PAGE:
Huddled beneath the volcanoes of the Kirishima mountain range in southern Japan—also called the Fog Island Mountains—the inhabitants of small town Komachi are waiting for the biggest of the summer’s typhoons. South African expatriate Alec Chester has lived in Komachi for nearly forty years. Alec considers himself an ordinary man, with common troubles and mundane achievements—until his doctor gives him a terminal cancer diagnosis and his wife, Kanae, disappears into the gathering storm. Kanae’s willful avoidance of the truth leads her to commit a grave infidelity, and only when Alec is suspected of checking himself out of the hospital to commit a quiet suicide, does Kanae come home to face what it will mean to lose her husband.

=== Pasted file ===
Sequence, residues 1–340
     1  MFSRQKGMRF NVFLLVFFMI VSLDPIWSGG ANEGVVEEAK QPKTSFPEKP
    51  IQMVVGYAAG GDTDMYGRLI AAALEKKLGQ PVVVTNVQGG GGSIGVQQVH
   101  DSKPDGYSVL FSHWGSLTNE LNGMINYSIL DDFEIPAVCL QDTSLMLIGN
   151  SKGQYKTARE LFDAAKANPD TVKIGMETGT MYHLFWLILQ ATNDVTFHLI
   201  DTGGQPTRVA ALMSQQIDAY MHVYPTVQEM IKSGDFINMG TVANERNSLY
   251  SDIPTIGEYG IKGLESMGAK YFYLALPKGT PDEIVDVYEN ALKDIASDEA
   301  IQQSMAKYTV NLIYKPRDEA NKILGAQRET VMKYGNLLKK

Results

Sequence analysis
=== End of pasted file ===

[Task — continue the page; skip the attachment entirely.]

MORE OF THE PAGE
Narrating this story is Azami, one of Komachi’s oldest and most peculiar inhabitants, the daughter of a famous storyteller with a mysterious story of her own.
A haunting and beautiful reinterpretation of the Japanese kitsune folktale tradition, Fog Island Mountains is a novel about the dangers of action taken in grief and of a belief in healing through storytelling.
Fog Island Mountains won the first ever Christopher Doheny Award from The Center for Fiction (sponsored by Audible). You can read more about the award here.
And you can read an excerpt at Daily Dose of Lit.
Pub date: 4 November 2014, Tantor Media